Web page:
Our Best Instructors Share Their Secrets

Whether you’ve been teaching Safe Sitter® for two years or 20, you’re no doubt interested to hear how other Instructors run a successful class. Here are insights from a few of your fellow Instructors on special things they do to have the best classes possible. Give these ideas a try. There’s no one secret to success!

Begin and end each class with a question. That’s what Amy Carey of Mercy Health System in Wisconsin does. “I always ask the kids what they think they will learn in class,” Amy says. The answer she hears at the start of class is how to take care of kids and change diapers. At the end of class, she asks students what they learned that they didn’t know before. By then, their answer has changed to knowing what to do if there is a problem in the house while babysitting. Asking a “before” and “after” question helps you gauge if students made that crucial shift in thinking about the seriousness of the responsibility, and it helps your students see just how much they’ve learned.

Be playful and have fun. Anyone who teaches young teens knows they can be fearful of being judged, and that makes it hard for them to open up and ask questions. As someone who works for a park, which are known for fun, Nancy Jagielski of Wauconda Park District in Illinois may have an advantage. “Anyone who works for a park has to have a little of Peter Pan in them,” she admits.  But projecting a fun demeanor is something that any Instructor in any industry can do, and it can make all the difference in students’ comfort levels.  “You have to sometimes act a little silly and be able to make fun of yourself in order for kids to relate to you,” Nancy says.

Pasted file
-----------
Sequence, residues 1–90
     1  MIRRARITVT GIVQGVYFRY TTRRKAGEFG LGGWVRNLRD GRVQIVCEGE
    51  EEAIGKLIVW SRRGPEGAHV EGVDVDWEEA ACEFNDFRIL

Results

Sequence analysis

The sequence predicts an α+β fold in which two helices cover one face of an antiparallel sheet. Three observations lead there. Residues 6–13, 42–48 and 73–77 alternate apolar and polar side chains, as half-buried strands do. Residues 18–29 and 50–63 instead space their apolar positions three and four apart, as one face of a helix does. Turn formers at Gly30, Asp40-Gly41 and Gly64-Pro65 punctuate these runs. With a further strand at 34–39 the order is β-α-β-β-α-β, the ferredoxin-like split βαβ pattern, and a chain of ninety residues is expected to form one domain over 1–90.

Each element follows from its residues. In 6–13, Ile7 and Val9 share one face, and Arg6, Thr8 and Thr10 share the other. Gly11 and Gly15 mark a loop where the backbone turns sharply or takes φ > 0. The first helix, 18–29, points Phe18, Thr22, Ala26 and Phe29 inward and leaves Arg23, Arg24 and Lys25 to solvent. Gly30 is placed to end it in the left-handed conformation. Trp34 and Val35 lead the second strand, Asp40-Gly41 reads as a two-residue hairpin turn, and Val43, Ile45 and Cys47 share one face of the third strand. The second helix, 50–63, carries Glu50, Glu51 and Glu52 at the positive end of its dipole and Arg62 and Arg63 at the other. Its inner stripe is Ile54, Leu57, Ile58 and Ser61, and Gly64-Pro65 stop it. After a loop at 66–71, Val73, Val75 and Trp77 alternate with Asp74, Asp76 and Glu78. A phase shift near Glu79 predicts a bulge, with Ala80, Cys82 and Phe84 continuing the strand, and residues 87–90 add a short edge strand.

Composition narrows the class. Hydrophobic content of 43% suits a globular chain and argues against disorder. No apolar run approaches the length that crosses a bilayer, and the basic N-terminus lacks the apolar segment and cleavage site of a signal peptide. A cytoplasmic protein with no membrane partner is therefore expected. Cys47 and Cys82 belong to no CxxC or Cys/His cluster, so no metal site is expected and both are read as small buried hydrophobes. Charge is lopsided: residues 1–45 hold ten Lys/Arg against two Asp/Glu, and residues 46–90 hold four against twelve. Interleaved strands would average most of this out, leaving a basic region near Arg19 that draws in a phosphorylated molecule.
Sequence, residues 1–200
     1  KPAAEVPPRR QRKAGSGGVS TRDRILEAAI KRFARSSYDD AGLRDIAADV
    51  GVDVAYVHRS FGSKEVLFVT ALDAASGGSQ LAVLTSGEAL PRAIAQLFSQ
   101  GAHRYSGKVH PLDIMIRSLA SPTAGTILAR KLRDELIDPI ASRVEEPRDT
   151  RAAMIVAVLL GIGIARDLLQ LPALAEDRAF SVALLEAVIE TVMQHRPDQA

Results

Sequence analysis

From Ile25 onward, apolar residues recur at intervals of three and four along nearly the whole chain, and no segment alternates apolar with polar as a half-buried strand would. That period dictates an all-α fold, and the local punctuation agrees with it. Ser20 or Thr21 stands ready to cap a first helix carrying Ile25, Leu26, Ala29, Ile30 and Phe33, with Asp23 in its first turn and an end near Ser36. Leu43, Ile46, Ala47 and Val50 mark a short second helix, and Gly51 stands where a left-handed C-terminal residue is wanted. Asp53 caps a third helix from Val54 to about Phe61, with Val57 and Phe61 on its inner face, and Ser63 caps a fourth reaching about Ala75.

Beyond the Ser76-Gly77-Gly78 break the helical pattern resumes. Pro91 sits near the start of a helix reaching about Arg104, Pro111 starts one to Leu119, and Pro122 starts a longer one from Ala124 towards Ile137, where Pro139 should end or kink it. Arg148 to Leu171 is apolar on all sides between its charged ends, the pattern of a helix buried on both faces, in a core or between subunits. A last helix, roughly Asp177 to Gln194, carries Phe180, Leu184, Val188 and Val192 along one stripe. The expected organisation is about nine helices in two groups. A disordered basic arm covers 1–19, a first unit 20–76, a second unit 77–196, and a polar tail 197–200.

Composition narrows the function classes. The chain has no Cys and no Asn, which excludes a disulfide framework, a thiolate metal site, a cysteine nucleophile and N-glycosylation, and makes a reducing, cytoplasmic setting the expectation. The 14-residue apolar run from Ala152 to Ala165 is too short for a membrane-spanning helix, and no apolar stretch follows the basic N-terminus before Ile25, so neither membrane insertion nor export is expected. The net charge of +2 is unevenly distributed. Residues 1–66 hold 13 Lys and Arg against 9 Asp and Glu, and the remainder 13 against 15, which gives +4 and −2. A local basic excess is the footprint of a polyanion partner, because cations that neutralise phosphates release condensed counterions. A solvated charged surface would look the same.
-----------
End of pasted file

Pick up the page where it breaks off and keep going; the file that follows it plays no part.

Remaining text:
Remember what it was like to be a teenager. They say mother knows best. Jennifer Wellman of St. Vincent’s HealthCare in Florida got the best piece of advice about teaching from her mother, a former Instructor. “She would always say for me to put myself in students’ shoes,” Jennifer says. “Talk to the students the way I would have wanted to be talked to that age.” When teens are treated with that kind of consideration and respect, they naturally blossom.

Make it special. According to Missy Beauchamp of Chandler Regional Medical Center in Arizona, all of their Instructors have had their children take Safe Sitter®. Rather than teens who feel forced to take just another class, it’s become something more. “Our children sort of look at it as a ‘rite of passage’,” Missy says.

Safe Sitter

Founded in 1980, Safe Sitter® is the only national nonprofit training program exclusively devoted to preparing young teens in grades 6-8 to be safe in unsupervised settings, whether home alone, sibling sitting or babysitting.